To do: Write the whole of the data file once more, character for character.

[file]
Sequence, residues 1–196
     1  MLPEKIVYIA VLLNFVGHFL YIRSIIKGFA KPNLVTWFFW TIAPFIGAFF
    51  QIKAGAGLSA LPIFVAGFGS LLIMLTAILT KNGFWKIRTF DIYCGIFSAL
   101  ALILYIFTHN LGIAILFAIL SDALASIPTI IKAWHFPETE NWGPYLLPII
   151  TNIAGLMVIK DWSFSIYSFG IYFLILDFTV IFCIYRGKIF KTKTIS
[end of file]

Sequence, residues 1–196
     1  MLPEKIVYIA VLLNFVGHFL YIRSIIKGFA KPNLVTWFFW TIAPFIGAFF
    51  QIKAGAGLSA LPIFVAGFGS LLIMLTAILT KNGFWKIRTF DIYCGIFSAL
   101  ALILYIFTHN LGIAILFAIL SDALASIPTI IKAWHFPETE NWGPYLLPII
   151  TNIAGLMVIK DWSFSIYSFG IYFLILDFTV IFCIYRGKIF KTKTIS